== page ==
The plaintiff brought this action for the specific performance of an alleged agreement to sell real estate and, in the alternative, for damages. The defendant pleaded a general denial and a special defense to the effect that she was an aged and illiterate woman, that she executed a written memorandum of agreement under misrepresentation by the plaintiff and the latter's agent that the purchase price was other than the sum actually written therein, that the plaintiff and the agent harassed her to such an extent as unduly to excite her nervous state and unduly to influence her execution of the alleged agreement, and that the alleged agreement was null and void. A counterclaim adopted the allegations of the special defense, alleged that the plaintiff had occupied the property without right or title, claimed damages for such occupancy, and asked that the alleged agreement be declared void and for a judgment for the possession of the premises. The court found the issues for the defendant on the complaint and counterclaim and directed that judgment be entered that the plaintiff surrender possession of the property to the defendant and that the latter recover $500 damages for use and occupancy. The plaintiff has appealed from the judgment.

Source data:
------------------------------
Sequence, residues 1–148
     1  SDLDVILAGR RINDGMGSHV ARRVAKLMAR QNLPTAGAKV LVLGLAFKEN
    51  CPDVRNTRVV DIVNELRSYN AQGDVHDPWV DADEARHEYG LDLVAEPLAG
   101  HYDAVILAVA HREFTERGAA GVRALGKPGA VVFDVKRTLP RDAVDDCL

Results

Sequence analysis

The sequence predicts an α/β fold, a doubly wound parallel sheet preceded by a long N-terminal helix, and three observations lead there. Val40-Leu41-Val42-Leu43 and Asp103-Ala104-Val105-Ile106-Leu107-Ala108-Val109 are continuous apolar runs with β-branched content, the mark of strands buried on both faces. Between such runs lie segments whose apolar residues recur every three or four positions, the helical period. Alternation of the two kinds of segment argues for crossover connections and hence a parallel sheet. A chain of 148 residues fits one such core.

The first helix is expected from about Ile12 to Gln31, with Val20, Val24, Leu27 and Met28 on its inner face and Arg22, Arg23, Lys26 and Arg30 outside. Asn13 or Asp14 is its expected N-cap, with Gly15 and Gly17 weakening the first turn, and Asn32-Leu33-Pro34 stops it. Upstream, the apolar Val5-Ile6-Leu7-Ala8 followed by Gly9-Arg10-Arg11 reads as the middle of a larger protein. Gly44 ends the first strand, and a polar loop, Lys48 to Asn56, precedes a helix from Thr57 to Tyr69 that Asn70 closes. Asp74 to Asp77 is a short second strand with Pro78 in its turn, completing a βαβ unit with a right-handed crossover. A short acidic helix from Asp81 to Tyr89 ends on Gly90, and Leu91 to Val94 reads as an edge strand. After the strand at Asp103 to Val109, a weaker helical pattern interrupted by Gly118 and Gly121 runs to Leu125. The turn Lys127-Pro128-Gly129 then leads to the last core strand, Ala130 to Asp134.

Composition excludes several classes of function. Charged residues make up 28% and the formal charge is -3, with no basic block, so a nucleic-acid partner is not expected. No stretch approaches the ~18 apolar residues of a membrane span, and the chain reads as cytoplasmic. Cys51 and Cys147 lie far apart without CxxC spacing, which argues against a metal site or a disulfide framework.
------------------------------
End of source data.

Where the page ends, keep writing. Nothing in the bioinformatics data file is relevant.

The facts found, subject to certain corrections we have made, may be summarized. The defendant owned real estate in Bridgeport. The plaintiff, accompanied by a real estate agent, called on her at her daughter's house in Orange, and at the close of a lengthy conversation the defendant placed her mark on a receipt which read as follows: "June 29, 1946. Received of Anna Sidor One Hundred Dollars Deposit on Property 40 Rockland Street $100. Purchase price 6000 net. X Kerstena X Kravec." The receipt was witnessed by Jerome Comlish. The plaintiff paid the stated sum in cash. The defendant was seventy-nine years of age and in poor health, had bad eyesight, was illiterate and was entirely unfamiliar with business transactions. She did not understand that the paper was a contract to sell the Rockland Street property but supposed that she was accepting an offer for the property which was not to become final until the plaintiff had a chance to inspect it and until the defendant had talked with her daughter, with whom she lived. The witness Comlish was not present when the mark was affixed. No copy was given to the defendant. The plaintiff was given the keys to the house so that she might view the premises to see whether she wished to buy the property. She promised to return the keys promptly; instead she immediately moved into the first-floor apartment, resisted all efforts of the defendant to retake possession, and was still occupying the premises at the time of the entry of final judgment on March 3, 1948. The defendant continued to pay the insurance, taxes, interest on the mortgage and water rates. In the meantime, soon after the receipt was given, the defendant withdrew all offers to sell the property and demanded the keys. Sometime thereafter she returned the $100 payment, but the plaintiff sent it back to her.